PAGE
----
and challenges influence African American fathering; 2) inform the adaptation/development of father-
focused prevention interventions; and 3) inform family policy decisions designed to support positive
father involvement. Data used to accomplish these goals are from The Voices ‘n Visions study which is a
qualitative study focused on African American fathers’ parenting and visions for prevention interventions.
Fathers were recruited from a small Mid-Atlantic city and its surrounding areas based on their sons’ risk
for developing depressive symptoms and/or aggressive behaviors. Interviews were primarily
conversational with follow up probes based on interview guide topics that were developed a priori. The
proposed project is relevant to the public debate regarding the role of fathers in families which began with
the Fatherhood Research Initiative and remains relevant to the Healthy Marriage Initiative.
In recent years, refugee admission trends have dramatically shifted, reflecting more than half (54%) of all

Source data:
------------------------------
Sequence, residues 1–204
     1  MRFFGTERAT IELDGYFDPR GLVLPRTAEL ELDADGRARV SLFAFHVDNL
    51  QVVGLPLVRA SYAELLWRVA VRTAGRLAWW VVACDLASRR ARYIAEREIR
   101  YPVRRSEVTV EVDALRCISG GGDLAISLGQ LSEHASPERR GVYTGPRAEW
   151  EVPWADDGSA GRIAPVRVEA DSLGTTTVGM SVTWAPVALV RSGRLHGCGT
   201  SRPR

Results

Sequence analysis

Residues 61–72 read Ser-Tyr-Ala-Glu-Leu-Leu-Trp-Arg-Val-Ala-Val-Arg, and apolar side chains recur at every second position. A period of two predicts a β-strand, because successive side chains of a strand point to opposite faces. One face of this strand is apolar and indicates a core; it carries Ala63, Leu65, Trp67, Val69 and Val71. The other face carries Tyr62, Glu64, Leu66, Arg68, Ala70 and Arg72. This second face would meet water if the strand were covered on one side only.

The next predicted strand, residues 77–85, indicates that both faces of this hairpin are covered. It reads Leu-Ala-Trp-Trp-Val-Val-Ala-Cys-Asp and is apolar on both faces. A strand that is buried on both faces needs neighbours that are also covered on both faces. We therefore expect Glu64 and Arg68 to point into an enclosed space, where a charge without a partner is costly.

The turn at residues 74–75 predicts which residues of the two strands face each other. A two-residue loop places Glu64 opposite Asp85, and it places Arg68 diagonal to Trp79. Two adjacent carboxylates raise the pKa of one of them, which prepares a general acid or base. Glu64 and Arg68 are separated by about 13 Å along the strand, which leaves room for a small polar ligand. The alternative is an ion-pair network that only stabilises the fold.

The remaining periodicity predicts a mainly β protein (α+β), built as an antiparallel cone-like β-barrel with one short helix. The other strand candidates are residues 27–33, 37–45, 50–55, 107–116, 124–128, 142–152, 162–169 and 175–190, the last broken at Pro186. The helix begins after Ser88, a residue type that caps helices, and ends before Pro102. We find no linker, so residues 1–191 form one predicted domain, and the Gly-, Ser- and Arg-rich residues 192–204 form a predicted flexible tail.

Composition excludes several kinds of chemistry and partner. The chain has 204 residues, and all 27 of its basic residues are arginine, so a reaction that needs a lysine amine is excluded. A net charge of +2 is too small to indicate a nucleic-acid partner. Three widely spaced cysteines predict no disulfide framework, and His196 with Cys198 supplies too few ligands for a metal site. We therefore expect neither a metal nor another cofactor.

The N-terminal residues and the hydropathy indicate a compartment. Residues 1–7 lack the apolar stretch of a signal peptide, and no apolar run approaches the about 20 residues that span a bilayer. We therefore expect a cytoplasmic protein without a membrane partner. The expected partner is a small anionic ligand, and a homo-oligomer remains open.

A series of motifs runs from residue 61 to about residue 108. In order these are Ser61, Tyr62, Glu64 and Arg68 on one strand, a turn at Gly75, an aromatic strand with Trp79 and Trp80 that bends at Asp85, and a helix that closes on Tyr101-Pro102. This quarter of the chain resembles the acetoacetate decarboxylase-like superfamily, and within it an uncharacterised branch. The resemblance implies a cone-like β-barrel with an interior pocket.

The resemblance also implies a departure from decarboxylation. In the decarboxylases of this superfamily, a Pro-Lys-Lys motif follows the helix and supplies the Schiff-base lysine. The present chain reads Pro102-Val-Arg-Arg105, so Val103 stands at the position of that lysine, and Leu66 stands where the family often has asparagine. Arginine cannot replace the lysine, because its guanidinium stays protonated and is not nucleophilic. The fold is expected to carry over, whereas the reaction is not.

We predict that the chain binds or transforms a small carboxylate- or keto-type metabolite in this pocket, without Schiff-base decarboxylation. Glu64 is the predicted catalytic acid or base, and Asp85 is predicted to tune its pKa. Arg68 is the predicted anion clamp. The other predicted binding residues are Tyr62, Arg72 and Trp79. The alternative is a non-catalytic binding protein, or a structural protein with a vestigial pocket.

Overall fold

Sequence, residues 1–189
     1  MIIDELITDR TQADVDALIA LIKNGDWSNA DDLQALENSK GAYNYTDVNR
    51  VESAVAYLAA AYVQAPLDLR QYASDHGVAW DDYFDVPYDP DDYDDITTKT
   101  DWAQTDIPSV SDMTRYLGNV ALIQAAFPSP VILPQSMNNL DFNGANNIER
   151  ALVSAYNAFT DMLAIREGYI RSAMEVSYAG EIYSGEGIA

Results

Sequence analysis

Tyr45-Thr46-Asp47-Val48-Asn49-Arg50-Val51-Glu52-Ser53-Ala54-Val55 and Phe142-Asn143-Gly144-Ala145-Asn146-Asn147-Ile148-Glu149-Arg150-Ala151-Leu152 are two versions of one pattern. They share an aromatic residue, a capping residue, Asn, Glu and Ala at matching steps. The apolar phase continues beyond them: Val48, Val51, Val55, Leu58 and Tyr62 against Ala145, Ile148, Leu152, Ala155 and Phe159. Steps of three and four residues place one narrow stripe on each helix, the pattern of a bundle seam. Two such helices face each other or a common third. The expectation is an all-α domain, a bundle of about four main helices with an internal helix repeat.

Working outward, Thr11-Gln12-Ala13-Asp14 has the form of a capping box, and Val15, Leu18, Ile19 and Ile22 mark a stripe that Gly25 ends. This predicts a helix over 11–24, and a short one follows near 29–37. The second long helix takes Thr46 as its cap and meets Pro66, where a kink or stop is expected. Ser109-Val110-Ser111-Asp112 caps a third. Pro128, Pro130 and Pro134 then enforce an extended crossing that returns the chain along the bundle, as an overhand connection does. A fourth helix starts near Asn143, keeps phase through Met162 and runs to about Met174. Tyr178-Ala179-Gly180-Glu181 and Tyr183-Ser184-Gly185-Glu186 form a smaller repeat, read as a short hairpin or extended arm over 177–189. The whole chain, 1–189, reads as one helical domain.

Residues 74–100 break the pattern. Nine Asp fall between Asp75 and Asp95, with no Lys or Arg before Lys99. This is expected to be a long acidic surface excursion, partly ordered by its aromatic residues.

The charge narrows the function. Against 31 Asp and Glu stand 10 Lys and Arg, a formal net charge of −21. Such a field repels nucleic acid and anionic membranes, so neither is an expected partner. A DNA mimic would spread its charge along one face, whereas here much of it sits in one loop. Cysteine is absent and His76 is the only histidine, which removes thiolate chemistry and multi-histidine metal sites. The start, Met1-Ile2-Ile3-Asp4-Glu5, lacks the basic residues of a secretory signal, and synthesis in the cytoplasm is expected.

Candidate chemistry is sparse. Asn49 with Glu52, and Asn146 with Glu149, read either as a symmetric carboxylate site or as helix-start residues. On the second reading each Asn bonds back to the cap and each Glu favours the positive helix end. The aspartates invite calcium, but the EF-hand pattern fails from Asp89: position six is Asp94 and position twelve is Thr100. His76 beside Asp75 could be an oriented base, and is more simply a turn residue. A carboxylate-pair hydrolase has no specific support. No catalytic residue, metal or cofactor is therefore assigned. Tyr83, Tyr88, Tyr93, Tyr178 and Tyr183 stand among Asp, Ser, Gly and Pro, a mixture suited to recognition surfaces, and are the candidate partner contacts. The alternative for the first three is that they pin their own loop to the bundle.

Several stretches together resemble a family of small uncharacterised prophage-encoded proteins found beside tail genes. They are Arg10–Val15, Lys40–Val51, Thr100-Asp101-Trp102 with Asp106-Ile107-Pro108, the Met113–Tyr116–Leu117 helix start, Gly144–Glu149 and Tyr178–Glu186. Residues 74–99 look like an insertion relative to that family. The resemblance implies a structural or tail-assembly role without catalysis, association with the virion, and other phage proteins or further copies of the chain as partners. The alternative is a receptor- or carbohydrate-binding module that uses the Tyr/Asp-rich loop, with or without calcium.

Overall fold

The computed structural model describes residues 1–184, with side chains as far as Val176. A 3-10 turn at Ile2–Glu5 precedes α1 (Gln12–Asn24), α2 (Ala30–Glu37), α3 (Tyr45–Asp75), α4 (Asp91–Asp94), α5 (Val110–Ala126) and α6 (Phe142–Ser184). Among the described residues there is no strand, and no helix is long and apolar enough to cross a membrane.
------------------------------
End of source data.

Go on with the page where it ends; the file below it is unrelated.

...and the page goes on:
incoming refugees into the USA are now ethnic minority men. However, few research studies have been
conducted to understand ethnic minority refugee men’s health needs and well being beyond their initial
six-month integration period. The Chicago Taskforce for Refugee and Immigrant Health is in need of
understanding ethnic minority refugee men lived experiences, in order to develop health interventions and
policies. This proposed Refugee Men’s Health Initiative will explore the pathways by which social
exclusion factors among ethnic minority refugee men in Chicago make them an underserved and
vulnerable population. The findings will fill a major health disparities research gap, augment current
refugee health policies, and justify a need to conduct a longitudinal health study focused on this growing
This research project examines the working conditions and contemporary labor struggles within New
Orleans’s resurgent, post-Katrina tourism-entertainment complex, and contributes to a longer, critical
monograph on the reconstruction of the city titled The City that Care Forgot: New Orleans and American
Urbanism. This research project will engage contemporary debates around living wage policy (i.e. the
“Fight for 15” campaign and efforts to raise the minimum wage) in New Orleans and beyond, especially
since so many post-industrial cities increasingly rely on an expanding tourism and service-based economy